Collection & Treatment

Collection & Treatment

For many people, dealing with wastewater ends when they flush the toilet or remove hair from the drain. This attitude is referred to as “flush and forget.” [1] An achievement of matured industrialized nations? There is no doubt that alluvial sewers and centralized wastewater treatment have made tremendous improvements in terms of health, quality of life, and environmental protection [2] . However, there is also evidence that this type of wastewater treatment has various limitations [3]. But what actually is wastewater? What risks does it pose? To explore these questions, it helps to open our eyes a bit, to move away from understanding wastewater as waste and to focus on resources and, above all, resource efficiency. After all, what flushes down the toilet and seeps into the sink are valuable nutrients, energy and, above all, a lot of water!

Wastewater treatment options

In addition to nutrients and energy, wastewater also contains pathogens such as bacteria, viruses and parasites and an increasing concentration of micropollutants (for example, from pharmaceuticals, hormones and biocides). Wastewater treatment separates the valuable from the harmful. The former is upgraded for further use and the latter is deactivated and eliminated. In the process, as little energy as possible is used and emissions of pollutants and greenhouse gases are largely avoided. In fulfilling all these tasks, central wastewater treatment plants are increasingly reaching their limits [4] . In particular, the recovery of nutrients turns out to be costly and resource-intensive if it is approached in a centralized way and after mixing different types of wastewater in the sewage sludge . The high quantities of flushing water ( usually drinking water quality), which are a prerequisite for reliable operation of the alluvial sewer system, also become a problem as water shortages increase.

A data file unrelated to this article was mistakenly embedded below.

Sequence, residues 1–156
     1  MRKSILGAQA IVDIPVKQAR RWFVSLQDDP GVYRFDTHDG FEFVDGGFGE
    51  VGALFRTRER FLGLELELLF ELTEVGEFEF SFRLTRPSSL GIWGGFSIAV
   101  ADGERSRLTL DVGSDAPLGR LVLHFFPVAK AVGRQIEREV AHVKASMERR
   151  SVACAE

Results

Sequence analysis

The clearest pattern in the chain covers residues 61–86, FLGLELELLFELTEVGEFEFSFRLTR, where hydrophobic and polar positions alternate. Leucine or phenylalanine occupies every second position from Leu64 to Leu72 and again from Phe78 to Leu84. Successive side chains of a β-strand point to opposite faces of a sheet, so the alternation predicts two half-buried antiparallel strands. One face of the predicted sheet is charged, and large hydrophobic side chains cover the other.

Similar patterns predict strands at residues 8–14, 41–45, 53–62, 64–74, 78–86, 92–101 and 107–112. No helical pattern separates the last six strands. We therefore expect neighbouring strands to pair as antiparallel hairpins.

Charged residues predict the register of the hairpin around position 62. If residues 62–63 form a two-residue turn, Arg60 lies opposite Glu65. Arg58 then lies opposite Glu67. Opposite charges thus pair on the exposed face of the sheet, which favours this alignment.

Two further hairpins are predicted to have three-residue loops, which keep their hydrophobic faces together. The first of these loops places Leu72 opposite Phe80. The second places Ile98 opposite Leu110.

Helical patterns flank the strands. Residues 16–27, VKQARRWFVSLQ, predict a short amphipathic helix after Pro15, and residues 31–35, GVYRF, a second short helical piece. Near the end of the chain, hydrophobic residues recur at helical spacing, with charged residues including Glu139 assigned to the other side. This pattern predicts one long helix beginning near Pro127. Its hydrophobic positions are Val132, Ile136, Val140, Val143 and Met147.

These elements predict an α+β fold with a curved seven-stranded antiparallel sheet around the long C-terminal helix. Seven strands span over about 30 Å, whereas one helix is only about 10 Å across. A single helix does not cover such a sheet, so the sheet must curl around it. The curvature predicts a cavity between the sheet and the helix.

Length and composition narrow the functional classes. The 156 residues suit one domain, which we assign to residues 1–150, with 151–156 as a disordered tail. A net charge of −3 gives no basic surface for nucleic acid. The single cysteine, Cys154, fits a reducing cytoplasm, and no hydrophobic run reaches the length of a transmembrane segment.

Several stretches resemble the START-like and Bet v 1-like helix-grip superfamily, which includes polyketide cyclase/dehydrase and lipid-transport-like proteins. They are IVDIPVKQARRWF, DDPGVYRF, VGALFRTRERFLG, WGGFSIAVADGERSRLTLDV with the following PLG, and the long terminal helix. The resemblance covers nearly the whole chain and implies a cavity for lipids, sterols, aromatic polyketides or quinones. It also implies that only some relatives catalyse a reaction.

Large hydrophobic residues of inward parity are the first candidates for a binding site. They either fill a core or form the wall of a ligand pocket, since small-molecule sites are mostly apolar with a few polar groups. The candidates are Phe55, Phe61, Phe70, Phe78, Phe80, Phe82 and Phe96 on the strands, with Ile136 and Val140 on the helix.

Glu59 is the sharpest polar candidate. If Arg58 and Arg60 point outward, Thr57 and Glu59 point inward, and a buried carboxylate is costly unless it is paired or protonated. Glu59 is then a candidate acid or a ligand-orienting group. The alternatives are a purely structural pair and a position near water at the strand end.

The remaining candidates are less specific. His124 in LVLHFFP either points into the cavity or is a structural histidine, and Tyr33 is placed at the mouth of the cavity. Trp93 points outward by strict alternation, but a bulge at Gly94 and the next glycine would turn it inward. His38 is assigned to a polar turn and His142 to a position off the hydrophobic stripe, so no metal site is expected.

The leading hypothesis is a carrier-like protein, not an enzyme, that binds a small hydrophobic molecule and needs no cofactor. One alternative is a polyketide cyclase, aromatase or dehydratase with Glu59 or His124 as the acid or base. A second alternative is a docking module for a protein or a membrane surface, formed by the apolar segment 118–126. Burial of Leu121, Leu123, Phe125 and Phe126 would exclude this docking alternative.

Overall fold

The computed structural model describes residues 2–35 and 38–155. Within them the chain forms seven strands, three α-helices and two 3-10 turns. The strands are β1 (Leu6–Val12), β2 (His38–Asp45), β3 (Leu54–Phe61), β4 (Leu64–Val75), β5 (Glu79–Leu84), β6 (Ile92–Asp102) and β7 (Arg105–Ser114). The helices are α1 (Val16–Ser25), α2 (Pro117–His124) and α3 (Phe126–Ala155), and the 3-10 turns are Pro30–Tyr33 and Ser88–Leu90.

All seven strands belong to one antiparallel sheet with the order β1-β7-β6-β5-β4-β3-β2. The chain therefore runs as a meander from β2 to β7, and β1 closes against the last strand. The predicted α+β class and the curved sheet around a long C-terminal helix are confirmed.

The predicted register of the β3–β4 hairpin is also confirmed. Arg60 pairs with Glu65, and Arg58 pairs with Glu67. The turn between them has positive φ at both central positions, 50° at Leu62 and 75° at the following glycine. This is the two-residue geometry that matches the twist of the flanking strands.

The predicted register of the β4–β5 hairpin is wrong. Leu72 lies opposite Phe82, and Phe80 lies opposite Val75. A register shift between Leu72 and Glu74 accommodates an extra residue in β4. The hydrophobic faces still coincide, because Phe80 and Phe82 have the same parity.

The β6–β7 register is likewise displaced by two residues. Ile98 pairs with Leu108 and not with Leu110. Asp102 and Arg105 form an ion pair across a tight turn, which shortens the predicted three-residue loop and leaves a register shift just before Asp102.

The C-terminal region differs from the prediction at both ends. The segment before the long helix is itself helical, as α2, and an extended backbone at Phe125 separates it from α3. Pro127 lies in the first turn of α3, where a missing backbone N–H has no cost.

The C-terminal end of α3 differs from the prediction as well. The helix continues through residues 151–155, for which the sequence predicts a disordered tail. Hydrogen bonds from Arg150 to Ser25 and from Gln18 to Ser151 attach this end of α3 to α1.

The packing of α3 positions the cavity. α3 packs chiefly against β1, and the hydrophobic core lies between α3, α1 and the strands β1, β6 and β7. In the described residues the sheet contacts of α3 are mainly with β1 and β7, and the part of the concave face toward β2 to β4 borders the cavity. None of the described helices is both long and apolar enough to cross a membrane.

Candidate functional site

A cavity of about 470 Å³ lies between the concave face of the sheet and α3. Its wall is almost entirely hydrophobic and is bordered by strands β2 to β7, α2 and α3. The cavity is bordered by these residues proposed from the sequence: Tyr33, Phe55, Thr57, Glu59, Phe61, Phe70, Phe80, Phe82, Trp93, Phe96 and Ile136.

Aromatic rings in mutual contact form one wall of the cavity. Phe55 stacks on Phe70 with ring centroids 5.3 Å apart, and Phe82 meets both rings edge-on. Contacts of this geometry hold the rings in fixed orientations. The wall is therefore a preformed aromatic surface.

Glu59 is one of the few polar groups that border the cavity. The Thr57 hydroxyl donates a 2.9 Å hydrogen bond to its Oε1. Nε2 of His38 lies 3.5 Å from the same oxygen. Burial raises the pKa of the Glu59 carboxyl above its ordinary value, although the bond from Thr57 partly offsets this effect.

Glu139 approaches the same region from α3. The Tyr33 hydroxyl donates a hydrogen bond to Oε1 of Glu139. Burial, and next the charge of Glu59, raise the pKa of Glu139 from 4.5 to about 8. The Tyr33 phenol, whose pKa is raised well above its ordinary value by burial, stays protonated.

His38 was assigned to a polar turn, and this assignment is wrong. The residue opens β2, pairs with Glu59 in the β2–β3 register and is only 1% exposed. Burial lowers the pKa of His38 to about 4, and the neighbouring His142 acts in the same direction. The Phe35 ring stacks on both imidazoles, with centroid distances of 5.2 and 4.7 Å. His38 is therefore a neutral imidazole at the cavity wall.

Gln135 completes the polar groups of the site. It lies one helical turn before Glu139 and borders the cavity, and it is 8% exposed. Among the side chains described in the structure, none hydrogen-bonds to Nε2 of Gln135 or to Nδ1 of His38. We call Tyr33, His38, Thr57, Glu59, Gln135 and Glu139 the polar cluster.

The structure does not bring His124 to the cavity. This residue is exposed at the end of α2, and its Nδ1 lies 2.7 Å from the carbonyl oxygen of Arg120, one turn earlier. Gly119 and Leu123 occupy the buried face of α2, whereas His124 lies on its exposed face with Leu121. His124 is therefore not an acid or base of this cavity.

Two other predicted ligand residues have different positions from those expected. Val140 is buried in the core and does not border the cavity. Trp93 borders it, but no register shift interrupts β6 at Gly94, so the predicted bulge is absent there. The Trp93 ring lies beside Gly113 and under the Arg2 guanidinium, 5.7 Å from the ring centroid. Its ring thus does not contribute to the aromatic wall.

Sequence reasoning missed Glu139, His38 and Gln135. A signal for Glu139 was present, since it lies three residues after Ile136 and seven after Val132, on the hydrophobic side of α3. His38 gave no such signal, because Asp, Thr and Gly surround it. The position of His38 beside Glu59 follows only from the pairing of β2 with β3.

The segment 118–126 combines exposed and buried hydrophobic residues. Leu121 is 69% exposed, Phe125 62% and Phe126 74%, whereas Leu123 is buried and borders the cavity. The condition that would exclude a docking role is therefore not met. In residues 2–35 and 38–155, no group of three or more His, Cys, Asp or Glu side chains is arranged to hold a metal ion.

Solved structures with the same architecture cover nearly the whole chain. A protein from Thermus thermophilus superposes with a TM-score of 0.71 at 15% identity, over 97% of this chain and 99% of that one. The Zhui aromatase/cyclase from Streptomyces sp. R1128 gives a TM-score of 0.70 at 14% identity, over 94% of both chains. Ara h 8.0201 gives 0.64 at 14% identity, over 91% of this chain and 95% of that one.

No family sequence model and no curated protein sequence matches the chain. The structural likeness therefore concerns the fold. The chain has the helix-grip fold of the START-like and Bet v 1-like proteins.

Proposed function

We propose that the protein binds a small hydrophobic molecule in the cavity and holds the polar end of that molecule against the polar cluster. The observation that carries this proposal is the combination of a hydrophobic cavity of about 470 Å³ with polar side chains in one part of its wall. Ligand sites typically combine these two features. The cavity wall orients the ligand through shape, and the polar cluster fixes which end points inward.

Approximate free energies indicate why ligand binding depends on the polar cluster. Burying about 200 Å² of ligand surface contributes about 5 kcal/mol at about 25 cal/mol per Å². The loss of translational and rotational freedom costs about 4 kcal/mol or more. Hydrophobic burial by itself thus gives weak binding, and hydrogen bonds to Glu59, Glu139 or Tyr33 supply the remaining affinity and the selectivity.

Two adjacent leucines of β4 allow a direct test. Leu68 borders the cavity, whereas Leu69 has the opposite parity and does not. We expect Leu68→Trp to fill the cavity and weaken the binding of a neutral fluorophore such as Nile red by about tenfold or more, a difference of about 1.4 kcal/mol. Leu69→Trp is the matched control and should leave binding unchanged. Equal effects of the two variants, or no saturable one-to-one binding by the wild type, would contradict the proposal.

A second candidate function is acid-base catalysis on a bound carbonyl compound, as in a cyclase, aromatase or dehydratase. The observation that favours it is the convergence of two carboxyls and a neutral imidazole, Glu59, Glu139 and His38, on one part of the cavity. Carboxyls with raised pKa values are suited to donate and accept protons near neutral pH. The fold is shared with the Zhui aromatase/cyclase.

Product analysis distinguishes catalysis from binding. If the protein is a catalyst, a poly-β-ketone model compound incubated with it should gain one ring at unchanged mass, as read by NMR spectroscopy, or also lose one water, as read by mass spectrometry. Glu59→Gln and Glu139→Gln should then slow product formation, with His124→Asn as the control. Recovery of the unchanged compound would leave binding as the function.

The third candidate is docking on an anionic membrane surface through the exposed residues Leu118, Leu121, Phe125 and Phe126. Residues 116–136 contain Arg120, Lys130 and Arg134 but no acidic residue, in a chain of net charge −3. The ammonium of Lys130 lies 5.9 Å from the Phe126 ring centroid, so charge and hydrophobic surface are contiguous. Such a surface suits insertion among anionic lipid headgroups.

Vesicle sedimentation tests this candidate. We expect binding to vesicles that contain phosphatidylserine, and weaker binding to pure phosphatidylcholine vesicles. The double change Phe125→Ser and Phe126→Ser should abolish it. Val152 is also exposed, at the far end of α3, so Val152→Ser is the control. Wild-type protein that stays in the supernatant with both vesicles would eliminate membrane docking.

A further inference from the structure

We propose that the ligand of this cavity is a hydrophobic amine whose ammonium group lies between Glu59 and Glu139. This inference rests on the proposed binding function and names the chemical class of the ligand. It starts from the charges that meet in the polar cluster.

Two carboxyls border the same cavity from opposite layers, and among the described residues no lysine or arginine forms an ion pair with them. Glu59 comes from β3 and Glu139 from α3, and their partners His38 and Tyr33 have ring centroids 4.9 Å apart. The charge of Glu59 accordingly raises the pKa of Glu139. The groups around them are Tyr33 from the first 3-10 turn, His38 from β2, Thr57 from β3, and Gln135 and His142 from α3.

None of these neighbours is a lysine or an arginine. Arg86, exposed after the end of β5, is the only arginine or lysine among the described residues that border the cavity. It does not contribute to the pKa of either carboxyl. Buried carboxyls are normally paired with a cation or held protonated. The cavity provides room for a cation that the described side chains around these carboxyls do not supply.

Decentralized treatment as an alternative

In combination with separation at source (link article), decentralized, i.e. near-source, treatment processes offer various advantages in this context:

  • The separated streams (yellow, black, gray; link to detailed discussion of separated streams, see below) are less complex in their respective compositions, allowing specific and very efficient procedures to be applied.
  • By avoiding long transport routes and storage times, biological processes can be prevented and associated emissions avoided.
  • Cycles for water and nutrients can be closed on site (link to Reuse and Production).
  • Based on modular subsystems, new interfaces can be used, further material flows (e.g. rainwater or biowaste) can be integrated and thus the handling of resources can be approached holistically.

Decentralized, modular (waste) water management can also be attractive from an economic point of view. This is not a matter of completely replacing an existing sewer-based wastewater treatment system. In remote locations, where settlements are growing rapidly, or where investment capital is lacking, decentralized solutions can be more cost-effective. The prerequisite for this is that the technology required for the specific treatment processes, can be standardized and is not too complex, so that they can also be regulated and tested (Ref. Advocacy Group).

Decentralized treatment processes for separate wastewater streams

Various proven processes are already available today for the decentralized treatment of yellow water, or diluted urine, [5] . As a rule, the urine is stabilized in a first step (e.g. by nitrification or a strong increase in pH) and the substrate is concentrated in a second step (distillation, evaporation). Further intermediate steps exist to filter out drug residues. Pathogens are deactivated by a specific increase in pH or by heating (during distillation). The aim of these processes is to produce a fertilizer that is permissible for agriculture and horticulture [6] .